Recent changes to the pending Portuguese online poker bill have given the country’s residents renewed hope for the future viability of the local igaming economy.
When the Portuguese government signaled its desire to enact a new set of gambling laws, a wave of worry washed over the local poker community.
Much of the consternation centered on the fear that new regulations would restrict an operator’s ability to connect with international playerpools which would make the market unprofitable for players.
Written into one of the early drafts of the Portuguese online poker bill was the stipulation that operators must make their servers capable of and available for real-time monitoring. This provision was intended to make it possible for officials to record player data and transactions in real time.
The cost and logistics of this technology would have been hugely prohibitive for operators, especially ones that also offered games to an international playerpool as defining country specific data would be a costly exercise. Fortunately, in a revised version of the bill, this clause has now been removed which has given local players hope that playerpool sharing with other countries will be possible.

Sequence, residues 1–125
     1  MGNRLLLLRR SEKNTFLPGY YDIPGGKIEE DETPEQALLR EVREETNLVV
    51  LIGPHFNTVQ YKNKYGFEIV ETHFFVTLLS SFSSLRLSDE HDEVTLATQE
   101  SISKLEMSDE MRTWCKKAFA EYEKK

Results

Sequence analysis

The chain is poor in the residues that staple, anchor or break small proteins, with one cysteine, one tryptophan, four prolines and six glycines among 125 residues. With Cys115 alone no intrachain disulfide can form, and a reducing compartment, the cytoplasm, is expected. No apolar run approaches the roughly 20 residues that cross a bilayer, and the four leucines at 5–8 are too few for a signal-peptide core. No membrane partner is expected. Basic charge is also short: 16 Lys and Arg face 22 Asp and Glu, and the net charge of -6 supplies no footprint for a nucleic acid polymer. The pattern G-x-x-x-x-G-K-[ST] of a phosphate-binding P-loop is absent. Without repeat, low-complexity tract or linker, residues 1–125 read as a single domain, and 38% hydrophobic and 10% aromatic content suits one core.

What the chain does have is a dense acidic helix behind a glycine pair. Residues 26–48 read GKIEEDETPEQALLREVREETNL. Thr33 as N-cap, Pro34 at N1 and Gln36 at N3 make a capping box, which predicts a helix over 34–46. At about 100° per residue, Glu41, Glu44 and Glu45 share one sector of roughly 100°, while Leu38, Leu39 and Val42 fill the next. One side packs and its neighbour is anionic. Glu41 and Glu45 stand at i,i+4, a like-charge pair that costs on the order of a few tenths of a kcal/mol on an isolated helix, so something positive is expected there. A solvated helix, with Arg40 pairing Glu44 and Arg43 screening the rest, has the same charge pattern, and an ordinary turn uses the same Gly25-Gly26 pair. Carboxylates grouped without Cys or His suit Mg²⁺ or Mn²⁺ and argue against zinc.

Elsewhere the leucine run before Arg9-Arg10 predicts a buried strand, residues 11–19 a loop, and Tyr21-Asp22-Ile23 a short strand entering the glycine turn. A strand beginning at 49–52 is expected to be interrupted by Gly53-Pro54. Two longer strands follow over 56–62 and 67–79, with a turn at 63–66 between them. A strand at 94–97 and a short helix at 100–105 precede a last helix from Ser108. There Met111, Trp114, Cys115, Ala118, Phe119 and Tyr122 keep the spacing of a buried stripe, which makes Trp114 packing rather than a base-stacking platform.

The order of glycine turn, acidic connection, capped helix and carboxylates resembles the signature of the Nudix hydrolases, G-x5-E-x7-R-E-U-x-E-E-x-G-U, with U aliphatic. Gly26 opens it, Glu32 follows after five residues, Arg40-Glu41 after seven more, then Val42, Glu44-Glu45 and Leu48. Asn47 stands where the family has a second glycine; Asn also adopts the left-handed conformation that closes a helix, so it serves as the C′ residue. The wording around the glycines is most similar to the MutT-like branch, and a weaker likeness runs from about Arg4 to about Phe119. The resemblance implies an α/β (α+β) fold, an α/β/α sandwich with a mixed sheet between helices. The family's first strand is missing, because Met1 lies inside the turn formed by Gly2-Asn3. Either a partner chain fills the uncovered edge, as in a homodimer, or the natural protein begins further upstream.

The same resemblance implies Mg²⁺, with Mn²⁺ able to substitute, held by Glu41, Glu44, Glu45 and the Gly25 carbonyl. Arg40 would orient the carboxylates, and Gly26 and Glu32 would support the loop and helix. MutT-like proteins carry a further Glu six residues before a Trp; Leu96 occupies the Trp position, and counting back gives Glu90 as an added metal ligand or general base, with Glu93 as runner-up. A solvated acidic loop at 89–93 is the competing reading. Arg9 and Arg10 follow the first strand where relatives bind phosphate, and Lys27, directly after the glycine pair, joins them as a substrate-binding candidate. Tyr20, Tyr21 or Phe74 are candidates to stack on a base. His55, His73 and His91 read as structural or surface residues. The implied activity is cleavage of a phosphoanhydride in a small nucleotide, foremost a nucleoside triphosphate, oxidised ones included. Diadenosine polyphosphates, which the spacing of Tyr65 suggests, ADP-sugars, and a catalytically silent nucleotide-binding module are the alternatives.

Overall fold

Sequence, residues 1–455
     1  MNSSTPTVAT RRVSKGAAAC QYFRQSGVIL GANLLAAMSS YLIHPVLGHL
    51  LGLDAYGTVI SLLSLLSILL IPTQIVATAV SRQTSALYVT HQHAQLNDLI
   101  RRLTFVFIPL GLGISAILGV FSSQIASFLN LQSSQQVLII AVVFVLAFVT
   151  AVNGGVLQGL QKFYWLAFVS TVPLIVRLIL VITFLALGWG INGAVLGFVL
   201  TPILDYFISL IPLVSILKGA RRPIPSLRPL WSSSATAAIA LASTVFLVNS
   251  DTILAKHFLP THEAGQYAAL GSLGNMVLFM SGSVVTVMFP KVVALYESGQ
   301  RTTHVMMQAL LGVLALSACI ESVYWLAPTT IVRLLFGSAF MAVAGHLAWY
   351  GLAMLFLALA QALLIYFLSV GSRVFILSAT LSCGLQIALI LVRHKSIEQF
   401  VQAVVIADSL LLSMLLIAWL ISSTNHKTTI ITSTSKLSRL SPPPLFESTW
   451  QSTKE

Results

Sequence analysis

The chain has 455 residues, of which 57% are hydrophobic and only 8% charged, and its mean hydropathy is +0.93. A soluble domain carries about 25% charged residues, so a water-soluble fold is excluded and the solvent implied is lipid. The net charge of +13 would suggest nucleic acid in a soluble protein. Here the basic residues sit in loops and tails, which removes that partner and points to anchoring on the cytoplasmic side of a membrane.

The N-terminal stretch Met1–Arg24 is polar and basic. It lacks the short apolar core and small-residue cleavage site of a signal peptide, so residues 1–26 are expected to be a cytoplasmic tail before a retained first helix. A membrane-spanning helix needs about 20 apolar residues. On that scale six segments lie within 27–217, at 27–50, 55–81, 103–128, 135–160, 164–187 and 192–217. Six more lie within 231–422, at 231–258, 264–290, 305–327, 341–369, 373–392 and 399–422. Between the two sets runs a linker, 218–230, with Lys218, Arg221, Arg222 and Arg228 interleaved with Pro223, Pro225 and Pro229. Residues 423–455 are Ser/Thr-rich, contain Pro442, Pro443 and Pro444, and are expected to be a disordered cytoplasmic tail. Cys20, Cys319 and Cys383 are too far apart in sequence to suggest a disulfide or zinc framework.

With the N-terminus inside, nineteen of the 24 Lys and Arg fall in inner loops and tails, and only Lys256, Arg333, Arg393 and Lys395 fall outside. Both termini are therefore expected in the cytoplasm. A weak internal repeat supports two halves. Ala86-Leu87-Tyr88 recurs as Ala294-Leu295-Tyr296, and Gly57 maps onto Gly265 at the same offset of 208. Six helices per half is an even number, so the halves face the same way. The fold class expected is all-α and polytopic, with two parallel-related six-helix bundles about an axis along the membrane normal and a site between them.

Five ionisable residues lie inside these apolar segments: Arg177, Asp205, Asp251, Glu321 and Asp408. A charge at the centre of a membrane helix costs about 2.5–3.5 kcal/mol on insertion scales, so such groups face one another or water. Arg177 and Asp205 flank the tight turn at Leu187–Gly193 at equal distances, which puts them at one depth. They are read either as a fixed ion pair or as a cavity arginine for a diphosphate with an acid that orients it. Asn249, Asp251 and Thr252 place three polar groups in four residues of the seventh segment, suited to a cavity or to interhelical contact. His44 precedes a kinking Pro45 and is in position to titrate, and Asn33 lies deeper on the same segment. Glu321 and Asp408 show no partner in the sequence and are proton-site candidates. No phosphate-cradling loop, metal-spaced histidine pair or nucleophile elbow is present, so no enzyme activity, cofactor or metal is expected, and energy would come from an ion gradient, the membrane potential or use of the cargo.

In fact, nowhere in the bill does it suggest that international segregation is required which essentially means that if and when the law passes, Portuguese players will be have full access to the games they currently play.
On top of this change, legislators have also agreed to simplify the deposit/ withdrawal process. Instead of players having to use a limited number of expensive options, the government is prepared to allow players to use any credit institution that’s established within a recognized European Member State.
One alteration that wasn’t mentioned in the latest version of the online gaming bill is the tax on operators. This will still be set at rate somewhere around 30 percent and the likelihood is that this cost will be passed on to players in the form of reduced rewards and bonuses.
However, not all the previously defined terms that remain are negative. The legislation will require operators to implement better safety measures, as well as segregate player funds from operating capital. Before they are granted a license to operate the sites will need to prove the effectiveness of their new measures through official documentation. This news will certainly come as a relief to many Portuguese professionals who will have witnessed the problems US players faced in the wake of Full Tilt’s post-Black Friday meltdown.
Although the deadline for implementing the new laws hasn’t been clarified, it’s expected things will take shape this week. The deadline for enacting the bill before its lapses is March 2 so the new conditions will need to be agreed upon and voted in before the close of February.